§ Motion made, and Question proposed, "That the Clause stand part of the Bill."
§ Mr. Hugh Lawson (Skipton)
I had an Amendment down on this Clause—In page 27, leave out line 34, and add:'by regular attendance between the ages of seven and twelve at a school maintained by the local education authority and during the remainder of the time that the child is of compulsory school age by regular attendance at a school or otherwise'"—but as it is not being called, I feel I must speak to the Motion which has been put before us, and try to persuade the Committee to reject this Clause. I may be misunderstood in asking that we should reject it, but it is the only way in which I feel I can protest against a principle 762 contained in the Clause which is very bad indeed. The Clause says that parents must see that their children get efficient full-time educationeither by regular attendance at school or otherwise.I think there is a very bad principle contained there, and by urging the rejection of the Clause I am giving the Minister an opportunity of putting in a different Clause, which, I hope, will have a different principle. I think, therefore, I may be in order to indicating why I think it contains a bad principle and why we should reject the Clause. It contains a bad principle because it still leaves the two systems of education which we have in this country to-day, the free system, the State system to which ordinary folk can go, and the limited system, which is there for the benefit and advantage of those who can pay for it. We talk about the dual system but this is the real thing which is wrong in this Bill.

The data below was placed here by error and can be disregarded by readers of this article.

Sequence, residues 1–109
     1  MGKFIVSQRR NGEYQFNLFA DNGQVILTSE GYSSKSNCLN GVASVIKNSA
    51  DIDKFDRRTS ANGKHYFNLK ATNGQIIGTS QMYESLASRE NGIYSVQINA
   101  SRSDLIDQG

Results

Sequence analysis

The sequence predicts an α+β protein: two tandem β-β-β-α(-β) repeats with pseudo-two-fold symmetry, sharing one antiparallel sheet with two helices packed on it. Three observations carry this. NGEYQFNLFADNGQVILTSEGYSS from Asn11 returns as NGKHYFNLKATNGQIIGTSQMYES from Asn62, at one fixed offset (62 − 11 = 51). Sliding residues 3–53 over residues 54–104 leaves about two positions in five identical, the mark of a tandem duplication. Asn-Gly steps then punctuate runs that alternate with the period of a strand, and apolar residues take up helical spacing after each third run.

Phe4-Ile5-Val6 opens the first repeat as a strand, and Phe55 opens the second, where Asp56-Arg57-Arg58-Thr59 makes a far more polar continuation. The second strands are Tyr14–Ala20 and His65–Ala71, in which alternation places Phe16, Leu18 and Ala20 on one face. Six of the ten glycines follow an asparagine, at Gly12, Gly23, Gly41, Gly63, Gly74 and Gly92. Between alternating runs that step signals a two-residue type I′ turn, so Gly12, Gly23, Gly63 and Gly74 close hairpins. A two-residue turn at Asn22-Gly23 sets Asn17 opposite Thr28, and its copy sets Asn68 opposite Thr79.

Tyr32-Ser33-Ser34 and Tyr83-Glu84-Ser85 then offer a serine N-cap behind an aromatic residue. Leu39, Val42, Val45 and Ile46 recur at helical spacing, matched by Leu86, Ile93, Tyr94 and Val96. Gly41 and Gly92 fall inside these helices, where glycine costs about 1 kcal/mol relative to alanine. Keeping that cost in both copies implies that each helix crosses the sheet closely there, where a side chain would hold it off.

The Bill is a step forward, but it still leaves this principle of education for the ordinary folk and education for the privileged, and it is something against which I wish to protest very strongly indeed, this fact of the two systems of education, which divides the community into two classes. I do not think any hon. Members will disagree with me when I say that that is a fact which cannot be got over. Therefore, because I want to see a society in which there is more communal spirit, a classless society if you like, I wish to start having a classless system of education. I do not intend to waste a lot of time elaborating this point. I think it is well known to most Members of this Committee. We have to decide whether we are to regard education as a commodity, something to be sold to the highest bidder—because that is how this Clause leaves it—or whether we are to regard education as a public service available to all, in accordance with their need. If I might remind the Minister of some advice John Wesley once gave to his itinerant preachers, I would say, "Go not only to those who need you, but to those who need you most." I think that that is the principle on which we should distribute such educational facilities as we have.